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Prime Minister Jacinda Ardern’s announcement to step down from New Zealand’s top job and to not contest the next elections does not come as a complete surprise to seasoned political watchers. The Wellington beltway has been rife with rumour since late last year – vehemently denied by senior leaders, including herself, when asked the question.

Pitchforked on to Labour’s leadership just months before the 2017 elections, Ardern, NZ’s youngest prime minister ever, rode on a tsunami of popularity in the wake of John Key’s abandonment of the National Party leadership several months before the election. His quitting effectively threw his party under the blue bus, though his rationale then was to give enough time for a new leader to lead the party into the election. Ardern has followed that same playbook. She has abandoned Labour at a crucial juncture and has all but sunk the party’s chances at the October elections, at least as things stand today. She leaves Labour when it is polling the lowest since she became prime minister.

Though her popularity had plummeted precipitously over the past year, she was still the face of Labour and ahead in the preferred prime minister stakes by a country mile. But as of now, there clearly seemed to be no way that she or her party had the political capital or the wherewithal to build a credible election plank for October. Quite obviously she has seen the writing on the wall and decided to take a leaf out of her predecessor’s playbook – quit while still ahead.

Her profile was built over her perceived success in handling multiple crises – Christchurch shootings, Whakaari While Island, Covid-19. Her ‘kindness’ approach to politics catapulted her to global fame in a matter of just a couple of years. Her international reputation is still up there, very much like NZ’s highly desirable ‘clean and green’ image, even though many in NZ have been increasingly thinking otherwise – if not anecdotally, then definitely going by recent polls.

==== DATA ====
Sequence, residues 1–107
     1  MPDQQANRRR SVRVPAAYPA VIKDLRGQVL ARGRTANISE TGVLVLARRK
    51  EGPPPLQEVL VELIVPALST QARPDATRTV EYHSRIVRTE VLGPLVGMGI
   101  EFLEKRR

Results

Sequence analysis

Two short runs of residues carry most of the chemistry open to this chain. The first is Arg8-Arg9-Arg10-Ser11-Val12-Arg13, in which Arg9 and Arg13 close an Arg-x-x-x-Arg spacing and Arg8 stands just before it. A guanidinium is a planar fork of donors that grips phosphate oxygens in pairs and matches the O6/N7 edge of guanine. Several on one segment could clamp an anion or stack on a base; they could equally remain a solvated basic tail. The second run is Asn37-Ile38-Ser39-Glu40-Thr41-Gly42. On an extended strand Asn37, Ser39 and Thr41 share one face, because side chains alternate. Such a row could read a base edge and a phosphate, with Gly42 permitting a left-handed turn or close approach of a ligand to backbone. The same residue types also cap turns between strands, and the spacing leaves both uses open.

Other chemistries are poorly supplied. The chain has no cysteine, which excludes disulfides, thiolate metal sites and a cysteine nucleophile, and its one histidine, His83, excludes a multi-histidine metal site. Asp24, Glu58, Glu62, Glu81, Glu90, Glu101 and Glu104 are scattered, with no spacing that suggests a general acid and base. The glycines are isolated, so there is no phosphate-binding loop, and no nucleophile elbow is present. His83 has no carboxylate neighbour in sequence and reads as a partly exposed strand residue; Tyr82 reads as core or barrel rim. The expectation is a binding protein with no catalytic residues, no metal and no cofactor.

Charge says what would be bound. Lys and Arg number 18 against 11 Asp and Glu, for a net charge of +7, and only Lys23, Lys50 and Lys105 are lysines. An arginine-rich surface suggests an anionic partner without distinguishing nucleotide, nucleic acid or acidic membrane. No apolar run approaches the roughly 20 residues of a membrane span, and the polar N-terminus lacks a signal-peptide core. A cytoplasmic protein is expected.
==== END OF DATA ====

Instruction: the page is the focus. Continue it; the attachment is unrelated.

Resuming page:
Ardern truly leaves a vacuum –much like the vacuum that existed after Labour’s inability to come up with a credible leadership until they found Jacinda and Jacindamania ensued. Can Labour find another Jacinda Ardern like it did in 2017? It looks extremely unlikely. Her super-diverse team, feted by the world when it was put together, is young, inexperienced and light weight. None have the gravitas or the grassroots popularity that would foreshadow a future leader.

But even assuming if Labour repeats its 2017 act of finding another Ardern, this time round it will still have to contend with the considerable push back of that unavoidable curse of all ruling parties in democracies: anti-incumbency. Whatever runs Labour might have put on the scoreboard over its two terms, they have been overshadowed by highly controversial policymaking, flip-flops (cycle bridge), u turns (Three Waters), and a seeming inability to stay on top of effective messaging, particularly about complex issues like co-governance. The general perception is that her government has fallen woefully short on delivery of most of its election promises and failed to prioritise the needs of the most vulnerable in society.

For the Kiwi-Indian community, the Labour-led government’s handling of law and order has been extremely disappointing and there is little doubt that this one issue would have lost Labour Kiwi-Indian support by the ton.

Whether its non-response to runaway ramraids and violent crimes or its ham-handed handling of future infrastructure projects like light rail, in recent months, Labour has increasingly looked like a battered vessel lost at sea, with its miniscule team of able-bodied ship-hands trying to steady it and correct its course. Ardern’s profile and reputation have overshadowed all of its caucus and it is hard to guess who will helm the troubled Labour ship into the electoral port come October.

Several senior leaders like David Parker and Kelvin Davis have announced their retirement over the past few months, effectively ruling themselves out of the leadership race. Deputy Prime Minister and Finance Minister Grant Robertson has said he will not throw his hat into the ring, having done so unsuccessfully before. That leaves the comparatively younger guard that has built up some reputation in the handling of their portfolios: Chris Hipkins, Kiritapu Allen, Michael Wood, Megan Woods and perhaps Peeni Henare.

The leadership election process itself will likely take close to two months from now if no leader is selected on Sunday. That will leave just six months for the new leader to get Labour’s electoral plank together while battling a slew of unprecedented crises –from rising inflation, cost of living and the ‘engineered’ recession to a woeful lack of workforce, housing, vaulting crime, immigration impasse, and a general  and growing sense of despondency in most Kiwis.

There could not have been a worse time for Labour’s leadership vacuum.

First appeared in the 23 January 2023 edition of the Indian Weekender.